Meanwhile, researchers at the University of California in Los Angeles used physical characteristics to identify the patients with mild cognitive impairment who were at higher risk for developing Alzheimer’s.5 Using high-resolution magnetic resonance imaging, they reported in Archives of Neurology that patients who had less volume in the hippocampus were at greater risk of converting to Alzheimer’s disease than were those with greater volume. Additionally, patients who later converted to full-blown disease had more atrophy in a certain region of the hippocampus at the start of the study than the patients who remained stable. If we are going to be successful in developing treatments to either prevent or delay the onset of Alzheimer’s disease, identifying these “pre-Alzheimer’s” cases is essential.
A Cause of Frontotemporal Dementia
Although Alzheimer’s disease is the most talked-about form of dementia, it is not the only one. Frontotemporal dementia is the second most common dementia in people younger than 65. Patients with this type of dementia display abnormal behavior including personality changes and a lack of inhibition. They generally maintain their memory function, however.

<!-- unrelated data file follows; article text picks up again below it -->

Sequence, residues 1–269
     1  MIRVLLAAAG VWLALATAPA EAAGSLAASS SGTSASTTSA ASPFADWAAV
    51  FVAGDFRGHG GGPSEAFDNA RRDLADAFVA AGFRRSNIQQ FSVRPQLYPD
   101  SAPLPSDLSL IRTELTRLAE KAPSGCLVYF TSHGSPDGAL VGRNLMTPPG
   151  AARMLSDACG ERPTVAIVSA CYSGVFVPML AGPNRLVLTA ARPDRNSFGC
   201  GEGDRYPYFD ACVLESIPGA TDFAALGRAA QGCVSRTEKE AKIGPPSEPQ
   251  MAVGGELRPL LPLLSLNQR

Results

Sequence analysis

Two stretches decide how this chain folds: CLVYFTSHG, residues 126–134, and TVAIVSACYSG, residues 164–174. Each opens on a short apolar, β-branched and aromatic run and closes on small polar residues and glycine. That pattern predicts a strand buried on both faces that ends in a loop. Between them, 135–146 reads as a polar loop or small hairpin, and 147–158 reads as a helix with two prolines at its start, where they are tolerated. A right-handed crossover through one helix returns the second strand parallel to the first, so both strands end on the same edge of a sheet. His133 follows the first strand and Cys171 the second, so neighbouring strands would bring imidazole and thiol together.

Frontotemporal dementia has a strong genetic component, and mutations in a protein called microtubule-associated protein tau are already known to cause some forms of the disease. However, for patients who do not have tau gene mutations, the cause of the disease has been unknown. Two research groups found in 2006 that these patients have mutations in the gene for a growth factor called progranulin.
This gene is expressed in a wide variety of neurons in the cortex of the brain and in microglial cells, which are the immune cells of the brain. In two studies reported in Nature, the researchers hypothesize that progranulin is important for neuronal survival and that loss of even one copy of the progranulin gene is sufficient to cause neurodegeneration.6,7 In animal models, progranulin appears to induce the expression of other growth factors, which might contribute to cell survival.